ComplexityMeasures.jl (Entropies.jl successor)
I’m incredibly proud to announce ComplexityMeasures.jl, which I believe is one of the most wellthought out packages in JuliaDynamics and one of the most wellthought out packages in the whole of nonlinear dynamics. (wow big statements!)
https://juliadynamics.github.io/ComplexityMeasures.jl/stable/
Intro
ComplexityMeasures.jl contains estimators for probabilities, entropies, and other complexity measures derived from observations in the context of nonlinear dynamics and complex systems. It is the successor of the previous Entropies.jl package (which was never formally announced). We believe that ComplexityMeasures.jl is the “best” (most featureful, most extendable, most tested, fastest) open source code base for computing entropies and/or complexity measures out there. We won’t offer concrete proof for this statement yet, but we are writing a paper on it, and once we have a preprint I will link it here.
Content
ComplexityMeasures.jl is a practical attempt at unifying the concepts of probabilities, entropies, and complexity measures. We (@kahaaga and @datseris) have spent several months designing a composable, modular, extendable interface that is capable of computing as many different variants of “entropy” or “complexity” as one can find in the literature.
The package first defines a generic interface for estimating probabilities out of input data. Each probability (defined by a ProbabilitiesEstimator
subtype) also defines an outcome space, and functions exist to compute the probabilities and their outcomes, as well as other convenience calculations like the size of the outcome space or the missing outcomes. There are already a plethora of probabilities estimators:
Estimator  Principle  Input data 

CountOccurrences 
Count of unique elements  Any 
ValueHistogram 
Binning (histogram) 
Vector , StateSpaceSet

TransferOperator 
Binning (transfer operator) 
Vector , StateSpaceSet

NaiveKernel 
Kernel density estimation  StateSpaceSet 
SymbolicPermutation 
Ordinal patterns 
Vector , StateSpaceSet

SymbolicWeightedPermutation 
Ordinal patterns 
Vector , StateSpaceSet

SymbolicAmplitudeAwarePermutation 
Ordinal patterns 
Vector , StateSpaceSet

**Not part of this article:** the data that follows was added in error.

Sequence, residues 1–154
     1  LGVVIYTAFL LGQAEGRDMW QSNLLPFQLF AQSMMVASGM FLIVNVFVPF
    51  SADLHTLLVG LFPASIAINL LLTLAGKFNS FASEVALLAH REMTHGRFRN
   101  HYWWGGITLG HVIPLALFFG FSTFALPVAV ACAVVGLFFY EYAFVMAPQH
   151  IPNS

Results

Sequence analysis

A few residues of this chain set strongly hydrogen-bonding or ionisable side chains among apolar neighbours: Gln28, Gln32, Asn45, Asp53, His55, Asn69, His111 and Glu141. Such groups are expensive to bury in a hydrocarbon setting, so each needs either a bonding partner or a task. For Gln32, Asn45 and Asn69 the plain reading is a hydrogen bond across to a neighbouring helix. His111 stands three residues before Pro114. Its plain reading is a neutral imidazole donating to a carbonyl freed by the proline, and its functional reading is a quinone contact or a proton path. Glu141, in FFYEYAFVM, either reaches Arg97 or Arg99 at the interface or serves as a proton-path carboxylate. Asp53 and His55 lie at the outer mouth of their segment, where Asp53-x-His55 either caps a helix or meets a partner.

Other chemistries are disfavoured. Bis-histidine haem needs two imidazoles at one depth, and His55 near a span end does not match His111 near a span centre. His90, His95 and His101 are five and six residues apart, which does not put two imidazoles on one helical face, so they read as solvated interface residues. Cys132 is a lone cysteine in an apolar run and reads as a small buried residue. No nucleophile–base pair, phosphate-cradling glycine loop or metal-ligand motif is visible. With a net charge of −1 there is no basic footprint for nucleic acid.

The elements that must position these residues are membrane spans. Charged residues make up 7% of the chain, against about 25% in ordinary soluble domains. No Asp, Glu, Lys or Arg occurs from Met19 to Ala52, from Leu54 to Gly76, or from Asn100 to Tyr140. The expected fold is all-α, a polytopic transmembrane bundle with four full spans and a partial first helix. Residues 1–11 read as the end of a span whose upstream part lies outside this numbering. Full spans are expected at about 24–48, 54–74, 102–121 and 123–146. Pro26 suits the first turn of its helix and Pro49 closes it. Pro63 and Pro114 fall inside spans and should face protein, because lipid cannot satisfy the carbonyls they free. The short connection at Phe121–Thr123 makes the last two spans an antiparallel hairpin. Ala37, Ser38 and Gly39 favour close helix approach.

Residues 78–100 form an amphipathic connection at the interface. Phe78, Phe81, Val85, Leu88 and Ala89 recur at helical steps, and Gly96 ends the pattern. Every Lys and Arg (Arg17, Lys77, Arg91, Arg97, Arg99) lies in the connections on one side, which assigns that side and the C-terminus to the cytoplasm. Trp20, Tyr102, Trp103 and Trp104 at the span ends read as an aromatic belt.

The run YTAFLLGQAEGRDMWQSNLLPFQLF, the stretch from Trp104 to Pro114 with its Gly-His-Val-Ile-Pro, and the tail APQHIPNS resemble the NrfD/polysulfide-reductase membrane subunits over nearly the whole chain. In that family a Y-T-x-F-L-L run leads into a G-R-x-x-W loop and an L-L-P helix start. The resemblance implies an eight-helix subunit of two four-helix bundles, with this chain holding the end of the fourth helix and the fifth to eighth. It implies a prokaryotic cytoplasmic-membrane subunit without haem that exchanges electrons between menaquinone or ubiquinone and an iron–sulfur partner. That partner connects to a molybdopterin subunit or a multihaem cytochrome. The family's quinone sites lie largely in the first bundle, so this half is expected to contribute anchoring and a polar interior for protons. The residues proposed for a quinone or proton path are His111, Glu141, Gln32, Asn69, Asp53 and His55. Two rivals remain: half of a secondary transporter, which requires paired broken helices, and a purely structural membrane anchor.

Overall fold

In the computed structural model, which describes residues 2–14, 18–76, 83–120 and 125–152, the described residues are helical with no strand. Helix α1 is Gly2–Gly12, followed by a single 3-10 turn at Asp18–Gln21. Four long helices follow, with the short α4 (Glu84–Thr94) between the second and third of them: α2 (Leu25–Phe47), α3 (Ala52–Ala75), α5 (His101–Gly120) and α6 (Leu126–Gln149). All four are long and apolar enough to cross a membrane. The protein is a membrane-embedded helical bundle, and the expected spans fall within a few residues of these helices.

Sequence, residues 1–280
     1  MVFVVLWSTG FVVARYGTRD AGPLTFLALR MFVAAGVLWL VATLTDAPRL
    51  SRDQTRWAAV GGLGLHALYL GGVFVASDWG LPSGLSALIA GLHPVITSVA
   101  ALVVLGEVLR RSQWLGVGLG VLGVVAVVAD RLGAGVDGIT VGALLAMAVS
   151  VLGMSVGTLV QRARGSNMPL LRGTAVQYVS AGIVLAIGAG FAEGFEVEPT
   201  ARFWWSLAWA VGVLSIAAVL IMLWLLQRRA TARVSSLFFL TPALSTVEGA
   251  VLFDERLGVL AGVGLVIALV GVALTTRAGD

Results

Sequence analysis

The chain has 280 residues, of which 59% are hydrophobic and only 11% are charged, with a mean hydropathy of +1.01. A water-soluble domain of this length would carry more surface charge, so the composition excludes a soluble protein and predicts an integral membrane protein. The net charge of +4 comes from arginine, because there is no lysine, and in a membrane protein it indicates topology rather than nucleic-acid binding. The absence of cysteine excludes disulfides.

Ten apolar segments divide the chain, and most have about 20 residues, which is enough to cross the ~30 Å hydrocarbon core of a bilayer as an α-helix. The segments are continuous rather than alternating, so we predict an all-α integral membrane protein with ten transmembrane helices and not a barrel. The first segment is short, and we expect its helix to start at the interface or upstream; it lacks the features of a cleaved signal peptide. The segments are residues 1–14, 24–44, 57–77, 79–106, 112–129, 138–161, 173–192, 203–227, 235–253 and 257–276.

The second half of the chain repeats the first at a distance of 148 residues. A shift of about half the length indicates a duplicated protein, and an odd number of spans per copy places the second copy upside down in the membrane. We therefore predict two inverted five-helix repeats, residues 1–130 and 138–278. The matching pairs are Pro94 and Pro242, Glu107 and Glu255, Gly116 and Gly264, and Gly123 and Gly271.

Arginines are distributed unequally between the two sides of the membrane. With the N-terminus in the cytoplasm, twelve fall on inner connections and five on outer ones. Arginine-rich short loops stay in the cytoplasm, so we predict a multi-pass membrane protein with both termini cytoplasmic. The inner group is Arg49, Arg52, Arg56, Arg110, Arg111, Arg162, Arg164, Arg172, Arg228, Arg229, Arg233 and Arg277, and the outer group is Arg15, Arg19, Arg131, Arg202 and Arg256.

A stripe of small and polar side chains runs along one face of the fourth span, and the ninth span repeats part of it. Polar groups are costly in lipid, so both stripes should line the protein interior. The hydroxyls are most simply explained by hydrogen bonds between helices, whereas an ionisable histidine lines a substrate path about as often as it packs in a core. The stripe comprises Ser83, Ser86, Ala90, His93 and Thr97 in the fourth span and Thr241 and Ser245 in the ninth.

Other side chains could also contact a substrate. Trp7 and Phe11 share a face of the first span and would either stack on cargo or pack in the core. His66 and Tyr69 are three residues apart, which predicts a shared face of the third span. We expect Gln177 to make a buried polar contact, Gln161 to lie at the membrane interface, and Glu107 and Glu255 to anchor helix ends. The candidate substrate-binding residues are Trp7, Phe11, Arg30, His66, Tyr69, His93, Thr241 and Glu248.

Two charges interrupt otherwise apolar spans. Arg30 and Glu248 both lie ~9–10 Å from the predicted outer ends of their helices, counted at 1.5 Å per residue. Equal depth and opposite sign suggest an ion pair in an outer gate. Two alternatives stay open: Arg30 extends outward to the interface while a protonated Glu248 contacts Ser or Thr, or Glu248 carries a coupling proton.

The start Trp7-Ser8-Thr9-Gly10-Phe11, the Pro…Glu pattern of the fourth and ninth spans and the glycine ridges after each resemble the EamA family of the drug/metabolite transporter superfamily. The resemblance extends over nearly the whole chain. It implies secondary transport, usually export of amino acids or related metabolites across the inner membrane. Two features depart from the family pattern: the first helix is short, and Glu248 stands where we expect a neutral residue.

SpatialSymbolicPermutation 
Ordinal patterns in space  Array 
Dispersion 
Dispersion patterns  Vector 
SpatialDispersion 
Dispersion patterns in space  Array 
Diversity 
Cosine similarity  Vector 
WaveletOverlap 
Wavelet transform  Vector 
PowerSpectrum 
Fourier transform  Vector 
An intermediate representation to some probabilities estimators are the Encodings, that encode elements of input data into the positive integers. Encodings allow for a large amount of code reuse as well as more possible output measures from the same code.
These probabilities can be used to compute an arbitrary number of entropies already defined in the library. The entropies themselves support an interface for different entropy estimators. It turns out, defining an entropy is one thing, but to estimate it there may be several ways. There are also a bunch of entropy definitions: Shannon, Renyi, Tsallis, Kaniadakis, Curado, StretchedExponential.
The package also has a generic interface for computing differential entropies instead of discrete ones.
On top of all that there is one more path: to compute “complexity measures”, quantities related to entropies but not entropies in the formal mathematical sense.
Content in numbers
 78 ways of estimating discrete entropies of various kinds. 65 of these can be normalized. In total: 143 different quantifiers of discrete entropy.
 11 ways of estimating differential Shannon entropy.
 4 different complexity measure (e.g. sample entropy or approximate entropy).
If counting everything above, there are 158 different complexity measures available out of the box.
Interface design
Perhaps the biggest victory of this package, which has never been done by any other similar code base about computing entropyrelated quantities, is its design.:
 New probabilities estimators can be added by extending a couple of simple functions (see dev docs).
 By extending these functions, one immediately gains access to a bunch of other functions for computing discrete entropies and complexity measures (e.g. missing dispersion patterns).
Closing remarks
There’s more functionality in progress, like the multiscale API, which will give access to multiscale variants of all the discrete measures, some of which have been explored in the literature, and most of them not!
We sincerely believe this package will accelerate scientific research that uses complexity measures to classify or analyze timeseries, and we welcome feature requests and pull requests on the GitHub repo!